In the example shown, the fifteenth order (8F1-7F2)
and seventeenth order (9F1-8F2) intermodulation
products fall right on top of the receive channels. These
intermodulation products go straight through the
antenna to the receive path of the duplexer and in to
the receivers. If the amplitude of these intermodulation
products is greater than the noise floor of the receiver,
then the receiver sensitivity
is degraded leading to a loss of uplink coverage.
This is most likely to occur if the spacing between the
transmitter channels is a sub-multiple of the transmit-to-receive frequency separation. Wherever possible
WHEN AND WHERE TO USE A DUPLEXER
then, if you have to use a duplexer, combine transmit
channels where the resulting intermodulation
products do not land on a receive channel.
SEPARATE TX AND RX ANTENNAS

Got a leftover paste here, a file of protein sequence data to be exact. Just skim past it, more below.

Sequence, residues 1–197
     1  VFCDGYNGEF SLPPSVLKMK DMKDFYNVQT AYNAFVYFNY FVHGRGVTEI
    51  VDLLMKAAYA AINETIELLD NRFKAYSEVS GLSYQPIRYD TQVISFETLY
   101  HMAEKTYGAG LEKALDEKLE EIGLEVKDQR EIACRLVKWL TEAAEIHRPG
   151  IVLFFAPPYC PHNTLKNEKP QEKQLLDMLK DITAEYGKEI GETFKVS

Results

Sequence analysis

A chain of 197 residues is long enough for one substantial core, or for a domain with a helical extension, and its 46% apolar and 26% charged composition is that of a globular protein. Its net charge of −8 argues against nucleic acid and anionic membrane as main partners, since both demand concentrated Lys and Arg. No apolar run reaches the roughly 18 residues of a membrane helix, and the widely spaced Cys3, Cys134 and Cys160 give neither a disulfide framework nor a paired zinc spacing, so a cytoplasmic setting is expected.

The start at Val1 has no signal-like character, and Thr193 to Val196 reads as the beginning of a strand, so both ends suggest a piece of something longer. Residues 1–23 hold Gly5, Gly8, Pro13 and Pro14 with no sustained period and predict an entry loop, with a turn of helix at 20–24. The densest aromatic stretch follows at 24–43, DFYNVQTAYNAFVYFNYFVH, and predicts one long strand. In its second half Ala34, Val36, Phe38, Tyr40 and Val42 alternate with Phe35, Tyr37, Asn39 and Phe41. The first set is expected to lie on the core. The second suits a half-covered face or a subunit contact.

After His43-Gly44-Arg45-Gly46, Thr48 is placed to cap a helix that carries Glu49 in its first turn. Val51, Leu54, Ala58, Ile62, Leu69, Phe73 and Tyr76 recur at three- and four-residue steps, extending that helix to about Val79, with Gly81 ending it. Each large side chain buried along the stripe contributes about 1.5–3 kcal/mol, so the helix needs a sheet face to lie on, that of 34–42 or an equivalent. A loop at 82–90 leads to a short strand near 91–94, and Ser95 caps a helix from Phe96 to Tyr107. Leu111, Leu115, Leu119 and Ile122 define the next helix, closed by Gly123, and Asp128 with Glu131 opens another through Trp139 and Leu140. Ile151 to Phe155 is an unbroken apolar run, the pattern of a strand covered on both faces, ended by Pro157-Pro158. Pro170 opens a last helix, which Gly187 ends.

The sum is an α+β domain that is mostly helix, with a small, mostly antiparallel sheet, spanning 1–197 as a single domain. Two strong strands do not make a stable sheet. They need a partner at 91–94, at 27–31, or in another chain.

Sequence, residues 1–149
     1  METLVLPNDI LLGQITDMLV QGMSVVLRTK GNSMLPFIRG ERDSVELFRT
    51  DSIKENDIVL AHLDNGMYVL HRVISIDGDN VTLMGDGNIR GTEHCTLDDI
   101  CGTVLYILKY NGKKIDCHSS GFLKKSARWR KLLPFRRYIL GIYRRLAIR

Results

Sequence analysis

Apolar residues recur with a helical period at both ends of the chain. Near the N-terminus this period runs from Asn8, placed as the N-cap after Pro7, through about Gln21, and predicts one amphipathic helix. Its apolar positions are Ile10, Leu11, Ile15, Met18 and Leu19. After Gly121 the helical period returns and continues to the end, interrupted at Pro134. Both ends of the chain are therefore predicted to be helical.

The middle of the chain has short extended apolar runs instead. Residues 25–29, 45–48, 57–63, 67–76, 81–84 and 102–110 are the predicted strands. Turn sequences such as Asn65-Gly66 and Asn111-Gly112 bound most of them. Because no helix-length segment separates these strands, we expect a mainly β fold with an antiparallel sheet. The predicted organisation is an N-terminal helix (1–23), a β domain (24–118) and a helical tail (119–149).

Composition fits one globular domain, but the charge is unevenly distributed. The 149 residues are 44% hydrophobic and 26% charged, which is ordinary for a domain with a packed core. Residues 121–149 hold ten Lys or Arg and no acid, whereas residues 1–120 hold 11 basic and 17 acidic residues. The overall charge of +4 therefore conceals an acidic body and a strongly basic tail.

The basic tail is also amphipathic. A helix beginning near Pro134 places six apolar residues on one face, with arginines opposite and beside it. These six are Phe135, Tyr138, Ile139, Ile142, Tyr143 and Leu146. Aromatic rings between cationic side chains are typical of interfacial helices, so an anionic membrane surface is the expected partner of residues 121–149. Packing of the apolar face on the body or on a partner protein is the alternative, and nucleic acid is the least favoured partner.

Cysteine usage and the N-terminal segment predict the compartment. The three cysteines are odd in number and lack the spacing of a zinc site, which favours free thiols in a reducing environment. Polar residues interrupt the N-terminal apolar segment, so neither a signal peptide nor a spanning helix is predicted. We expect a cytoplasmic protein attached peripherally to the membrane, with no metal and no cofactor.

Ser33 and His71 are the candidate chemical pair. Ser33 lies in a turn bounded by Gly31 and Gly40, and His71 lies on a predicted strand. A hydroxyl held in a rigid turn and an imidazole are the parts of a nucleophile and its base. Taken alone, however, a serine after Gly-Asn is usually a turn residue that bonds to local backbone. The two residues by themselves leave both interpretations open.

If we use separate transmit and receive antennas,
it takes up more space on the tower.
The big advantage is that, while passive intermodulation
still occurs in the same way between the combined
transmitted signals, there is no longer a direct path
for these products to reach the receiver. Instead, the
isolation between the transmit and receive antennas
provides additional protection.
“For single channel systems, use a duplexer.
But for multi-channel systems, separate
antennas are the more resilient option.”
If the transmitters and receivers are arranged in a
co-linear fashion (ie: one directly above the other,
generally with the receive antenna highest up the tower),
then isolations in excess of 50dB are easily achievable.
So in conclusion, for single channel systems, go ahead
and use a duplexer. But for multi-channel systems, while
separate antennas will cost you more space on each
tower, this is the more resilient option. It protects your
system better from the significant interference from
passive intermodulation as a result of those very minor
and difficult to isolate assembly or maintenance faults.